Edward Pierre's spirit lives on through Circle of Lights tradition
On Friday night, tens of thousands of people will flock downtown to take part in the annual lighting of the Monument or Circle of Lights. It's one of the city's best loved holiday traditions.
As Indianapolis resident Carrie White said, gazing at all the decorations on the Circle, "I can't imagine downtown not having something like this - it's such a staple of the city."
But perhaps few have closer ties to the circle's holiday tradition than Lisa Hendrickson of Indianapolis.
"Every time I drive down Meridian and see the lights (at Christmastime) it's always a special thing for me to see," she said.
It was Lisa's grandfather who came up with the idea to decorate the circle, more than 70 years ago.
"In 1937, my grandfather was walking around the circle on Christmas Eve, he always did his Christmas shopping on Christmas Eve and he just noticed how dark and gloomy it looked."
Her grandfather can be heard talking about it in a radio interview recorded many years ago.
He said, "A light could be seen through the stained glass windows of Christ Church, but the monument itself was total darkness....and I made a resolution that some day the monument should fulfill its function at Christmas."
He thought the Circle should be a place where people come together at Christmas time, and if anyone could do it, it was Edward Pierre.
Carol Street, an archivist at Ball State University's College of Architecture, explained, "Edward Pierre was no mere architect."
Street, who oversees the drawings and documents archive, describes Pierre as one of the state's greatest designers and urban planners. She calls the Pierre Wright collection, (architect George Wright was Pierre's long-time business partner) one of her best in the collection.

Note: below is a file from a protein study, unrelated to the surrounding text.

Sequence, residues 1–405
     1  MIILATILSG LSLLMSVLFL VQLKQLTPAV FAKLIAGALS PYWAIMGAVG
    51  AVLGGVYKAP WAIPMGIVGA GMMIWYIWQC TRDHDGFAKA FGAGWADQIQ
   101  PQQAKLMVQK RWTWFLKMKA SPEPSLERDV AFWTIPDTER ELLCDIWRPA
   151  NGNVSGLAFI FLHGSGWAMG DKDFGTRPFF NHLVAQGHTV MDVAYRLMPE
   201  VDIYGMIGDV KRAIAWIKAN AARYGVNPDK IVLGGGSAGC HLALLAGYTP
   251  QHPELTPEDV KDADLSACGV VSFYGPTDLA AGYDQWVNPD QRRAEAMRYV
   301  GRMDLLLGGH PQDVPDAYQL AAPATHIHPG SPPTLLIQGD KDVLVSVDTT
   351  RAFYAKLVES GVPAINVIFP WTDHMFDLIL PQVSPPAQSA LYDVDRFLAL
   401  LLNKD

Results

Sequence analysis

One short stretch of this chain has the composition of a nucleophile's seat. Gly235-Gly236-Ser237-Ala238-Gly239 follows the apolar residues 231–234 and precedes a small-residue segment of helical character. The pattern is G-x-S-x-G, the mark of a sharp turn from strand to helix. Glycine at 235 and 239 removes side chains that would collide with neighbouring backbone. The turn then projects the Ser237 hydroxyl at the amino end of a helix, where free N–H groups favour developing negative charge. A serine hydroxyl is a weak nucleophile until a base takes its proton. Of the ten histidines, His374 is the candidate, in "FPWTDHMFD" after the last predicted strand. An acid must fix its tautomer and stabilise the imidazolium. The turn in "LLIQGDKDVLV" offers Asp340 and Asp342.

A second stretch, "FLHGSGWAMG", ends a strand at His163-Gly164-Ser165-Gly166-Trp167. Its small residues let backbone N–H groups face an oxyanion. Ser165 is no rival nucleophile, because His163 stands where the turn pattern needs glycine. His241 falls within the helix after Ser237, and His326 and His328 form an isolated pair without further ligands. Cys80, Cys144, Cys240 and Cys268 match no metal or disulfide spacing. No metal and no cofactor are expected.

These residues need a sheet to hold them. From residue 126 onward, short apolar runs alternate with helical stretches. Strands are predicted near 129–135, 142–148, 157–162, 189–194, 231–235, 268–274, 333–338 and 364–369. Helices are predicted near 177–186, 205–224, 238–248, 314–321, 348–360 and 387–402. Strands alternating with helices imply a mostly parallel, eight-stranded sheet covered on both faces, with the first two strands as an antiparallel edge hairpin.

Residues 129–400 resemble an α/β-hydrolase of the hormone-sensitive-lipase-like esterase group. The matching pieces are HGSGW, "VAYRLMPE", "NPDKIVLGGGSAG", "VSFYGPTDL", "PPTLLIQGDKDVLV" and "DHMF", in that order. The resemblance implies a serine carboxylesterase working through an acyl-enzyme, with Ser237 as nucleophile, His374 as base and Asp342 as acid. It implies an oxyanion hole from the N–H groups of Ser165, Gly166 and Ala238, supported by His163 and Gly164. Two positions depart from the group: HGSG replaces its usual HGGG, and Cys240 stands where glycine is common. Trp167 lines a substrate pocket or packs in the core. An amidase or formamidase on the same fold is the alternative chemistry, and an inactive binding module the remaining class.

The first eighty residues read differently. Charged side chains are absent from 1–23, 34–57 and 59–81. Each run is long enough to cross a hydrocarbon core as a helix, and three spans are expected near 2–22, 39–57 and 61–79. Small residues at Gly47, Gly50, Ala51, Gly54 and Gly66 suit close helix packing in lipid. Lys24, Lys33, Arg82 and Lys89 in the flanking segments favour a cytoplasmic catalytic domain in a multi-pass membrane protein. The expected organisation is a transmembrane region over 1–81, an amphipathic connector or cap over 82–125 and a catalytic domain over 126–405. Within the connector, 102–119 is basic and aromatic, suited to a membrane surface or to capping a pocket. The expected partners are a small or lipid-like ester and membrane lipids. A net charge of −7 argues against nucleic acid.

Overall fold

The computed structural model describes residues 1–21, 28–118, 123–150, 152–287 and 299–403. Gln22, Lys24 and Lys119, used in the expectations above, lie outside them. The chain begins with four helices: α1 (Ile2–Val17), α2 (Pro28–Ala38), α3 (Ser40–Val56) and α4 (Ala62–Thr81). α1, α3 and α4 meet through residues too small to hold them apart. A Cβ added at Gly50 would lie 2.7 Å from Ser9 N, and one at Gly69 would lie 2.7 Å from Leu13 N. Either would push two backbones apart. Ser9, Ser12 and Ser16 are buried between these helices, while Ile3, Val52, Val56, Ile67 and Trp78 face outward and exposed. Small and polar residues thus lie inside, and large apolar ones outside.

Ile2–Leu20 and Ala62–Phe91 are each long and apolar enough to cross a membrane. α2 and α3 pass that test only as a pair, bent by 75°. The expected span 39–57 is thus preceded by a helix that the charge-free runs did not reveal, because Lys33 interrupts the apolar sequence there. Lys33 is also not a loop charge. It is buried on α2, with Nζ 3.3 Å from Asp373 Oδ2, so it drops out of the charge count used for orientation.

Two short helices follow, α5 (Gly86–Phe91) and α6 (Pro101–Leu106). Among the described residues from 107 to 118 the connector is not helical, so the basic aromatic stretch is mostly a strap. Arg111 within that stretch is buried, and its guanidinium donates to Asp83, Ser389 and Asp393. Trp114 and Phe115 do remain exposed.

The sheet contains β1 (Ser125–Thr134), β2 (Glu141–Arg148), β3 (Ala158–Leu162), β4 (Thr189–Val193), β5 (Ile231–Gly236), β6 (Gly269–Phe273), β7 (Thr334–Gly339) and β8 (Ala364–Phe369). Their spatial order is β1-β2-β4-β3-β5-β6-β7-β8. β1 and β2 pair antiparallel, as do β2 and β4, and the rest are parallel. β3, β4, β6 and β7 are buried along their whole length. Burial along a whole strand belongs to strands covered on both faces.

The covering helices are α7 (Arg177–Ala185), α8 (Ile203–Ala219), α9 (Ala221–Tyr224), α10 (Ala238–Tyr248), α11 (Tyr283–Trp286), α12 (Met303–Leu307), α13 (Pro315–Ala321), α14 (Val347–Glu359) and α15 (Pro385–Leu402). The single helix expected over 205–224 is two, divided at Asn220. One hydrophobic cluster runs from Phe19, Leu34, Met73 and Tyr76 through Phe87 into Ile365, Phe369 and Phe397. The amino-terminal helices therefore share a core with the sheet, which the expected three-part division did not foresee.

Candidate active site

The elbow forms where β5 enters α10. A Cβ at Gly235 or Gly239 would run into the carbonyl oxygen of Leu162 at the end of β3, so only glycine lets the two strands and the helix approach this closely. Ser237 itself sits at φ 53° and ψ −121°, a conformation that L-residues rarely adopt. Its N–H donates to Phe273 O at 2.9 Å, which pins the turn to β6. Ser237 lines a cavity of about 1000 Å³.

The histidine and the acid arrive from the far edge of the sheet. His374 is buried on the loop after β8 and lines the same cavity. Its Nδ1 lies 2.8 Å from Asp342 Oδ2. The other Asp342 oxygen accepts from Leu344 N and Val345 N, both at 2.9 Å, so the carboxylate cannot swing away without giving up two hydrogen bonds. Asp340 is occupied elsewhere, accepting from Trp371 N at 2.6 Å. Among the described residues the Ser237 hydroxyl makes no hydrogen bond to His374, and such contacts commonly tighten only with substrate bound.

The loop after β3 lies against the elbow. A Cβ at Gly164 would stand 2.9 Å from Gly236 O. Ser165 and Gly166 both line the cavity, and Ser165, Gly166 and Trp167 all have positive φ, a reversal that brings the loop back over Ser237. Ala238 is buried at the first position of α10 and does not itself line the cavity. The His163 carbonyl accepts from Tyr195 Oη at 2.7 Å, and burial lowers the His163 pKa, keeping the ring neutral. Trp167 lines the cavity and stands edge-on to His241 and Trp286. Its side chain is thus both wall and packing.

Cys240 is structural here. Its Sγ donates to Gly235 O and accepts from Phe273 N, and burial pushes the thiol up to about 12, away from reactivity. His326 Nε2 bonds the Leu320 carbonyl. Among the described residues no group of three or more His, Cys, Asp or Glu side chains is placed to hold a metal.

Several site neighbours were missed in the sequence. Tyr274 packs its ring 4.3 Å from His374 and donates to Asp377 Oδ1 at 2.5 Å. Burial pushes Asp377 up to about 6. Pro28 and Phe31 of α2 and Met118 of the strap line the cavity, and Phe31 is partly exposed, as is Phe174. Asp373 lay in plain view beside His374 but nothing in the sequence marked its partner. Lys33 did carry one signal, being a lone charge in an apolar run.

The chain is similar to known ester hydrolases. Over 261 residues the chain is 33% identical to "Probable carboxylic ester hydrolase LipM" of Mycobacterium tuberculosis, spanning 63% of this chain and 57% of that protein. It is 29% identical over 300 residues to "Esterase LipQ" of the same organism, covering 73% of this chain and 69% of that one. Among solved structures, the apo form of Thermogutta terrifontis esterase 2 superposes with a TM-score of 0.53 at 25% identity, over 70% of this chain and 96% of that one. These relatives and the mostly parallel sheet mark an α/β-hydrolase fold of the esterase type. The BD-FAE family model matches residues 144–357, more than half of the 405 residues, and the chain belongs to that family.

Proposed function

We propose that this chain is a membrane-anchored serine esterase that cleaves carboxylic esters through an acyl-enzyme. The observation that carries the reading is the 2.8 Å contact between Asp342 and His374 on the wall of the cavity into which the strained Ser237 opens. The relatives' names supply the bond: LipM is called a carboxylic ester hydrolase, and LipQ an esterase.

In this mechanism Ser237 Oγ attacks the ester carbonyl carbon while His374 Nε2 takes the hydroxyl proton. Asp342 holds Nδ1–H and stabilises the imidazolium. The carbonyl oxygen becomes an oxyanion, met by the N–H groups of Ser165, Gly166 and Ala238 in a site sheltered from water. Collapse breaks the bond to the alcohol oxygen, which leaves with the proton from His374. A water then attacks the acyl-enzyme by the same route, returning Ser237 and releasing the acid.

"They built so much of the city's important architecture when Indianapolis was really coming into its own, with building stock and businesses."
Among other things, Pierre designed the Indiana State Library, the façade for Bush Stadium and many unique homes, including the first five homes in the tony William's Creek area on the city's north side.
But as Lisa says, he was also very civic-minded. She says especially as her grandfather got older, "he was more interested in creating a livable community. For example, he created a parking plan for downtown when downtown was becoming overcrowded and people stopped going downtown because there wasn't sufficient parking. He was really at the forefront of city planning at a time when it wasn't at the forefront of a lot of people's minds."
As for Monument Circle, with the war going on and money tight, it took several years for Pierre to realize his dream of decorating the circle, which called for a life-size nativity scene.
But through perseverance and persuasion, Pierre was able to raise the money and support for making his dream reality.
It all came to life in 1945, just after the war had ended.
"He talks about his goal to spread peace and goodwill among mankind and I'm sure the timing was the perfect for that."
Lisa's mother, Mary, hung the first ornament. Early on, the decorations were simple, mostly lots of greenery and of course, the hand-carved Nativity Scene, which was made in Austria.
While the lighting now draws huge crowds downtown the Friday after Thanksgiving, the first event drew 2,300 people and there were no lights on the monument.
That tradition didn't start until 1962 and Lisa says it was one her grandfather didn't initially embrace.
She says he was a very religious man and wanted to keep the decorations "reverential...but as he saw how it drew people downtown and became a much bigger event, he did like the idea as time went on."
In fact, Pierre flipped the switch in 1968, when Lisa was just a little girl. Lisa said it was a momentous occasion for him. She still has a copy of the speech he gave.
It reads in part "Thank you for the honor of tuning on the Christmas lights. May the light of peace that was shining through that first Christmas star, shine again through these sparkling lights into your own hearts."
In 1945, the first Christmas program drew 2,300 people. It quickly grew into the city's biggest holiday event.
Fifty-one years later "I'm not sure he ever imagined it would be as big as it is today," Lisa said, "and I'm sure he would really like the way it brought the city together."
Street said it's a wonderful legacy for a man who left his mark on Indianapolis in so many ways.
"I think the spirit of Edward Pierre is with us every year when we flip the switch and enjoy the decorations on Monument Circle," Street said. "It's certainly a gift he gives us every year."